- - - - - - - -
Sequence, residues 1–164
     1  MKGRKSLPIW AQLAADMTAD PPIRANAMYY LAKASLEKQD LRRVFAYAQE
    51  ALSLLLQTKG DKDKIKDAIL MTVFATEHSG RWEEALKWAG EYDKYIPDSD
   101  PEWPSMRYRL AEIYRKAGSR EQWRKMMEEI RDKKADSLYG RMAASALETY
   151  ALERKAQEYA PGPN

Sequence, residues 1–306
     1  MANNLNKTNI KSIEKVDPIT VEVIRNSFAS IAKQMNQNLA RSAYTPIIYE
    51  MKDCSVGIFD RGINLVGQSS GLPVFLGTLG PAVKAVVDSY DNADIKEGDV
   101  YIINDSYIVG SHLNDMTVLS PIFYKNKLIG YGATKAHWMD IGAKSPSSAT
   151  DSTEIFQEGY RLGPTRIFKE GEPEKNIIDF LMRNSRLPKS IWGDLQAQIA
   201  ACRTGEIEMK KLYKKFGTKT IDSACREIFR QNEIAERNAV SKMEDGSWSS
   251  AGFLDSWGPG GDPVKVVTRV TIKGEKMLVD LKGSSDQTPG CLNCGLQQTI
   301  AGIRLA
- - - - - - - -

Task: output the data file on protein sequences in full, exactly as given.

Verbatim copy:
Sequence, residues 1–164
     1  MKGRKSLPIW AQLAADMTAD PPIRANAMYY LAKASLEKQD LRRVFAYAQE
    51  ALSLLLQTKG DKDKIKDAIL MTVFATEHSG RWEEALKWAG EYDKYIPDSD
   101  PEWPSMRYRL AEIYRKAGSR EQWRKMMEEI RDKKADSLYG RMAASALETY
   151  ALERKAQEYA PGPN

Sequence, residues 1–306
     1  MANNLNKTNI KSIEKVDPIT VEVIRNSFAS IAKQMNQNLA RSAYTPIIYE
    51  MKDCSVGIFD RGINLVGQSS GLPVFLGTLG PAVKAVVDSY DNADIKEGDV
   101  YIINDSYIVG SHLNDMTVLS PIFYKNKLIG YGATKAHWMD IGAKSPSSAT
   151  DSTEIFQEGY RLGPTRIFKE GEPEKNIIDF LMRNSRLPKS IWGDLQAQIA
   201  ACRTGEIEMK KLYKKFGTKT IDSACREIFR QNEIAERNAV SKMEDGSWSS
   251  AGFLDSWGPG GDPVKVVTRV TIKGEKMLVD LKGSSDQTPG CLNCGLQQTI
   301  AGIRLA